Plaintiff followed up with Dr. Chavis on February 15, 2011, complaining of light sensitivity, pressure sensation, and occasional tearing. Tr. at 386. Plaintiff noted that her headaches were not as frequent, but occurred approximately five times per month. Id. She noted they were bi-frontal and radiated down the back of her neck. Id. Plaintiff also indicated that she had seen a dentist, who indicated that her jaw pain was caused by dental problems that needed to be corrected. Id. Plaintiff's vision was within normal limits. Tr. at 389. Dr. Chavis indicated that Plaintiff had muscle contracture headaches secondary to TMJ and that she was getting braces to correct the problem. Id.

On March 1, 2011, Plaintiff followed up with Dr. Fiorini, complaining of nausea and discomfort at her incisional hernia site. Tr. at 363. Her examination was normal, except for tenderness at the hernia site. Tr. at 365. Dr. Fiorini recommended laparoscopic incisional hernia repair with mesh. Id. However, Plaintiff later cancelled the surgery. Tr. at 364.

Plaintiff was examined by Robert Black, O.D., at Storm Eye Institute, on April 15, 2011. Tr. at 382-85. She complained of a dull ache with eye movement, intermittent burning, light sensitivity, and blurred distance vision. Tr. at 382. Dr. Black diagnosed eye strain and prescribed new glasses. Tr. at 384.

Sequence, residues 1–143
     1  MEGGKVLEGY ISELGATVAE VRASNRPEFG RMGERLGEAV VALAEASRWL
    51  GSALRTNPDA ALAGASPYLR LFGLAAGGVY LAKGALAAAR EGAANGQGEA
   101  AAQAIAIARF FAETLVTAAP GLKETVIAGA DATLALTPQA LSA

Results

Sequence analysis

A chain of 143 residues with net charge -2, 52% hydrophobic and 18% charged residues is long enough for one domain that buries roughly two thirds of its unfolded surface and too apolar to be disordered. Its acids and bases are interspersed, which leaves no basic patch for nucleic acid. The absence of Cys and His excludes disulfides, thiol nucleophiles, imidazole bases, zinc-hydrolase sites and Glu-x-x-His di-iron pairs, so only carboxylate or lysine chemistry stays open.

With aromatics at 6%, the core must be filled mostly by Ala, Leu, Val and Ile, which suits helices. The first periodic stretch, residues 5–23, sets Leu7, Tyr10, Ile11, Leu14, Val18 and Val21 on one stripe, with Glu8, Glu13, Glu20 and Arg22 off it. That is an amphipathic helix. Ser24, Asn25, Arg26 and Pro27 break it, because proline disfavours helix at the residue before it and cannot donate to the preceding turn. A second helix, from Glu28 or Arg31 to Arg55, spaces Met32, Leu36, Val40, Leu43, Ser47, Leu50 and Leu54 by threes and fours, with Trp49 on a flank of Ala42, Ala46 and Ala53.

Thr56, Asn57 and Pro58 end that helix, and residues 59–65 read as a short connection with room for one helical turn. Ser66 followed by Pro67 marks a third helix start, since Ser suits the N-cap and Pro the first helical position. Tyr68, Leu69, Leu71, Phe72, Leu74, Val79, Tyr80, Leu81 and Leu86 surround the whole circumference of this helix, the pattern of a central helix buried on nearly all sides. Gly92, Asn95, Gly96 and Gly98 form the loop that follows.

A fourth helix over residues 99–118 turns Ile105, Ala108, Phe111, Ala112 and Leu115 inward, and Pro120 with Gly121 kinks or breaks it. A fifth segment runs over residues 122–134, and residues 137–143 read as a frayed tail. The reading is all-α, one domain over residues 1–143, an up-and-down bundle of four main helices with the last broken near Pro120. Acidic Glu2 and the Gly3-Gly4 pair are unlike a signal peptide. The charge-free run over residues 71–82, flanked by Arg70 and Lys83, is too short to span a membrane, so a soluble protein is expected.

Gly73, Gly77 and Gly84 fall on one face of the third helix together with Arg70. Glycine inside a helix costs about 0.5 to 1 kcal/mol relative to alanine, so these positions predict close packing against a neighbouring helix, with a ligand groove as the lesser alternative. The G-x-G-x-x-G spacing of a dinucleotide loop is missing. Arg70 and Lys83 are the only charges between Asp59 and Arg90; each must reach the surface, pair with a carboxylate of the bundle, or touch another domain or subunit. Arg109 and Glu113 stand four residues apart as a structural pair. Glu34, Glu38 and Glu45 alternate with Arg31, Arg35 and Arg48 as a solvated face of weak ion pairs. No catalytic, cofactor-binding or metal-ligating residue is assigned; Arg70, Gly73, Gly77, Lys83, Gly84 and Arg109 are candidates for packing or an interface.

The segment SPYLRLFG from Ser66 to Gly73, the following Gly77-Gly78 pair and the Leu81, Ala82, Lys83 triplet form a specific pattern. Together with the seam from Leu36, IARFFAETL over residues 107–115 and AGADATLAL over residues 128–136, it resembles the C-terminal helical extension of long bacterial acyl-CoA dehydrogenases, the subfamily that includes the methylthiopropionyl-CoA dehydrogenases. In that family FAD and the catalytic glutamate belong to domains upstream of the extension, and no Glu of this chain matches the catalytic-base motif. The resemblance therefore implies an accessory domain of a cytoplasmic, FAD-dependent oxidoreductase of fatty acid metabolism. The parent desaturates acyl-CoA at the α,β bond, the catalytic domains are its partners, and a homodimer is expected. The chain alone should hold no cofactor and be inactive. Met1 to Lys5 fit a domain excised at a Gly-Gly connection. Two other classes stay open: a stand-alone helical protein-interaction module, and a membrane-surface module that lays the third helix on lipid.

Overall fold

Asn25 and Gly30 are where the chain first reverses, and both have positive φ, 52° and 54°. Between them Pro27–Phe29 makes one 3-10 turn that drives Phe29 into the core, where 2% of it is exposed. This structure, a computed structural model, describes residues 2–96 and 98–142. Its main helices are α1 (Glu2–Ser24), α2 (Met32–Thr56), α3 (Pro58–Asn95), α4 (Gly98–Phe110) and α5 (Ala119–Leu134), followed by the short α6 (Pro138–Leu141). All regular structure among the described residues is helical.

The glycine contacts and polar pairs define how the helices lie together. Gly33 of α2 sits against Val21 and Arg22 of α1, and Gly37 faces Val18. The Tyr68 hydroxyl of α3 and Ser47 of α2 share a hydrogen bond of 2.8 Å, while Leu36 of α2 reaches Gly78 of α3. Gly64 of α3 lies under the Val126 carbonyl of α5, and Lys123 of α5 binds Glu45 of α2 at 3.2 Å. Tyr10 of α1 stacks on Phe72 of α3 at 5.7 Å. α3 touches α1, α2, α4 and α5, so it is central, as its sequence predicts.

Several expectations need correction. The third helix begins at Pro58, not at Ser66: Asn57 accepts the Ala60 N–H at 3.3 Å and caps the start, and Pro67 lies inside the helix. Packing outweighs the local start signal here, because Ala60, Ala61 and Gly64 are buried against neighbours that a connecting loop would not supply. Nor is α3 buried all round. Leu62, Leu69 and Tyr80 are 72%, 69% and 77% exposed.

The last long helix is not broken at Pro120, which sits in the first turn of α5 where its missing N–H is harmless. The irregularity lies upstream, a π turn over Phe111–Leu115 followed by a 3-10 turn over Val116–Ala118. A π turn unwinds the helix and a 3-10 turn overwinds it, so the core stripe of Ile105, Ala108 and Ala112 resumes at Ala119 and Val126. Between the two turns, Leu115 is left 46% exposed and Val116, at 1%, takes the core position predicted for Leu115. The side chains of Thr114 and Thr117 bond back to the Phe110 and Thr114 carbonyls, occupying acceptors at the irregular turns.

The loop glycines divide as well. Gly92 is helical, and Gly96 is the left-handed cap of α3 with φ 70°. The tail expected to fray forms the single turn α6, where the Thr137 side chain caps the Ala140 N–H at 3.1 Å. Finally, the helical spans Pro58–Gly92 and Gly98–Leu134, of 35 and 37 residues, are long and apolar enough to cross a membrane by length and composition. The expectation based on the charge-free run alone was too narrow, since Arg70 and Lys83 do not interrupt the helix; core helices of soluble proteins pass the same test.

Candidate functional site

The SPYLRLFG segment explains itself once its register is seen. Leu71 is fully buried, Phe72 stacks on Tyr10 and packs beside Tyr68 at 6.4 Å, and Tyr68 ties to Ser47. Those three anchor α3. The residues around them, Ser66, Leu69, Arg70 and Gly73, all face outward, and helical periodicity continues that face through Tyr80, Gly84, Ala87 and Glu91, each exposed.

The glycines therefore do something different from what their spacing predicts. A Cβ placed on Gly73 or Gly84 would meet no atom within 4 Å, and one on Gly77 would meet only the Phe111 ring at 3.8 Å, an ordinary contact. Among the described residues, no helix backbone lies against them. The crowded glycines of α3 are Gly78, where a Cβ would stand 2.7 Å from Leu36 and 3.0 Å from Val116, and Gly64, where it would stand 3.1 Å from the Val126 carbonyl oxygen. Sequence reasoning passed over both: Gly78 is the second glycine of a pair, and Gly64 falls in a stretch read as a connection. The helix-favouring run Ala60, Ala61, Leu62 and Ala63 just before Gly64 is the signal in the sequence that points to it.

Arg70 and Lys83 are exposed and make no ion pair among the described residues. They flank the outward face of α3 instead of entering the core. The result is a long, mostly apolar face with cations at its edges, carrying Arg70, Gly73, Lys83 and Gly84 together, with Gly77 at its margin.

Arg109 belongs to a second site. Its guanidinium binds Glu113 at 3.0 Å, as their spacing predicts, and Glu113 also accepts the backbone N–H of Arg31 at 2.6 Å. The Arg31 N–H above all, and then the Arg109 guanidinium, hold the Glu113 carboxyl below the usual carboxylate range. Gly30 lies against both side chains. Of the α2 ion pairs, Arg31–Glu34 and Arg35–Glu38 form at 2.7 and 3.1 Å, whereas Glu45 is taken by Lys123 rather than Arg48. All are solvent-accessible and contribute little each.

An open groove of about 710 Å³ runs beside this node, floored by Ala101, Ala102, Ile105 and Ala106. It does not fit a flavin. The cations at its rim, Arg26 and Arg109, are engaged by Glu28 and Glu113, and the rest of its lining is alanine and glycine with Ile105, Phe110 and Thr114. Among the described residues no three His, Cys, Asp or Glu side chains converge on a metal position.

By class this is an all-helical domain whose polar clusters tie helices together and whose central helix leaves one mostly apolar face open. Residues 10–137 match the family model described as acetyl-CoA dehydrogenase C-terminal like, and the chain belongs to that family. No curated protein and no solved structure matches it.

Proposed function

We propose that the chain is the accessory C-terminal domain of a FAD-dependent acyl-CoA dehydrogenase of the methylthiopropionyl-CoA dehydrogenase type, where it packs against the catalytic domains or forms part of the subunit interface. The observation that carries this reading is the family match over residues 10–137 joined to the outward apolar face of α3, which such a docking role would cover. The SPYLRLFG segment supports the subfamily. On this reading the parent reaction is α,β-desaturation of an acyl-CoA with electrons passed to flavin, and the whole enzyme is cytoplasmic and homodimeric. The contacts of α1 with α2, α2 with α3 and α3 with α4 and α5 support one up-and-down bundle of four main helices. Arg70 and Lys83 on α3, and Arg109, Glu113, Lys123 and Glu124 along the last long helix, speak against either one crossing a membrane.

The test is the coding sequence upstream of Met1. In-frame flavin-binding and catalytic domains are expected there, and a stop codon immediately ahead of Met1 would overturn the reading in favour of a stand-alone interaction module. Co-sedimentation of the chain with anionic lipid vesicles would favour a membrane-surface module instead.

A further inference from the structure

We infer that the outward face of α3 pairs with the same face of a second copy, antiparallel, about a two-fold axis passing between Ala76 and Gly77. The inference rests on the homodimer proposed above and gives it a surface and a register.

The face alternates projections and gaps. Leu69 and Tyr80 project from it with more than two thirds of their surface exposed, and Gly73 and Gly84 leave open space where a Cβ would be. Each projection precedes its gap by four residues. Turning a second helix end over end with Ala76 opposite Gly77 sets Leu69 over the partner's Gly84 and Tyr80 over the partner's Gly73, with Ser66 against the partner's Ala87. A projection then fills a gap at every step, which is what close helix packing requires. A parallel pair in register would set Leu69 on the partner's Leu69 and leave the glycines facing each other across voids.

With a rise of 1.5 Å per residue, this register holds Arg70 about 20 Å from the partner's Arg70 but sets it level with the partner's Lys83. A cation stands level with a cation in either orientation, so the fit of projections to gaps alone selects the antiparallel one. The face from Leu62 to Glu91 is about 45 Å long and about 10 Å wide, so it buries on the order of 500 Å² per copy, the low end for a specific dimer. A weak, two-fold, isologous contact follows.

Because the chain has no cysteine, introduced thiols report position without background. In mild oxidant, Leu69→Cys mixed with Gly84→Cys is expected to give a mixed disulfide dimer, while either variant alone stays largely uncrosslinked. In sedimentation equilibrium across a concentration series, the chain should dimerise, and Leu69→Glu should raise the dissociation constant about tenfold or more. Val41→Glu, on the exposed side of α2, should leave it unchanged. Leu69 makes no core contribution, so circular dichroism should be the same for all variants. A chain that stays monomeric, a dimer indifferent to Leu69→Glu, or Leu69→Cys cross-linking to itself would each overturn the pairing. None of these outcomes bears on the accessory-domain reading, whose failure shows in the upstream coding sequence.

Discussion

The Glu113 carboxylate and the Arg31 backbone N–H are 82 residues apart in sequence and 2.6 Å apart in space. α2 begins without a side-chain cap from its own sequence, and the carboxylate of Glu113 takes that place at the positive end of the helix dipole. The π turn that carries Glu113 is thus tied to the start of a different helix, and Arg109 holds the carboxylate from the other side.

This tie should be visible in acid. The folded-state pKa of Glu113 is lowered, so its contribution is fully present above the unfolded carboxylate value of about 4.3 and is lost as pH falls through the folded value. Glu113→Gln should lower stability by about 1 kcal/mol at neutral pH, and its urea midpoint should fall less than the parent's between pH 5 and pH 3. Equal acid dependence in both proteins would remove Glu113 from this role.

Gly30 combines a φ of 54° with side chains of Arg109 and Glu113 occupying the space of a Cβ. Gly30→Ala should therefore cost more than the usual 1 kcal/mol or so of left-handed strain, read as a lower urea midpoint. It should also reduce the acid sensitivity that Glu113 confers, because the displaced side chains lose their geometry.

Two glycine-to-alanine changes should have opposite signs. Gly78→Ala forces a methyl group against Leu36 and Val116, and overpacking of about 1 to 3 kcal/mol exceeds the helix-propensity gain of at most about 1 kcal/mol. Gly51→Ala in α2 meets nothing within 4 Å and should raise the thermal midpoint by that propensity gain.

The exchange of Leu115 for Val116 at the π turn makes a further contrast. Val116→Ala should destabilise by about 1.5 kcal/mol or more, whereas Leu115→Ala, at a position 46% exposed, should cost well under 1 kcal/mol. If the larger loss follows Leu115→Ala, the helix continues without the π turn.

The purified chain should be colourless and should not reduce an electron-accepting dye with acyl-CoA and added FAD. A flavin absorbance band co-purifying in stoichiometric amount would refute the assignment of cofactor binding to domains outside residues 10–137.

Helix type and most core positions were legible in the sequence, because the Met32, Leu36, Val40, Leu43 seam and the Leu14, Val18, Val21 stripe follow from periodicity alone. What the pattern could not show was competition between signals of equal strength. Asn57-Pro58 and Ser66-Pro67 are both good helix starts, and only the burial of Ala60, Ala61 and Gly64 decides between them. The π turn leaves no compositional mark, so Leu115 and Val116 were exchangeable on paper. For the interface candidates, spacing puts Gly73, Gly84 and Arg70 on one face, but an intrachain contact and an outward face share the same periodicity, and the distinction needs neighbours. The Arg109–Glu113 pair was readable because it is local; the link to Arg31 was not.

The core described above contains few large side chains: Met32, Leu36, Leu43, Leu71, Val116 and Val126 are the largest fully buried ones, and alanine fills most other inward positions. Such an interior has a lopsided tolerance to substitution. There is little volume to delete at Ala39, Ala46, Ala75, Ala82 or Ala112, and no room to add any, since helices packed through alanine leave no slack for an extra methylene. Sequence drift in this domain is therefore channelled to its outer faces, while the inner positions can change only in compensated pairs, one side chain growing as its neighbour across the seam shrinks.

Plaintiff followed up with Ms. Denham in the Neurosurgery Spine Clinic on May 10, 2011, regarding abdominal pain and possible incisional hernia. Tr. at 427. Plaintiff described her headaches as " very mild, " and noted a sensation of " water sloshing in her head" when changing positions quickly. Id. She weighed 365.2 pounds. Id. Plaintiff and her mother complained to Ms. Denham that Plaintiff had been denied twice for disability and Ms. Denham suggested that they be persistent with filing and possibly contact a lawyer. Id. Ms. Denham referred Plaintiff for a CT scan to be sure that she had an incisional hernia as opposed to a fluid collection. Id.

On May 11, 2011, state agency medical consultant Jim Liao, M.D., completed a physical residual functional capacity assessment in which he indicated Plaintiff was limited as follows: occasionally lift and/or carry 20 pounds; frequently lift and/or carry 10 pounds; stand and/or walk (with normal breaks) for a total of about six hours in an eight-hour workday; and sit (with normal breaks) for a total of about six hours in an eight-hour workday. Tr. at 43-44.

On June 13, 2011, Dr. Frankel performed surgery to revise Plaintiff's distal shunt, remove a pseudomeningocele, and replace the shunt catheter in the peritoneal space. Tr. at 452.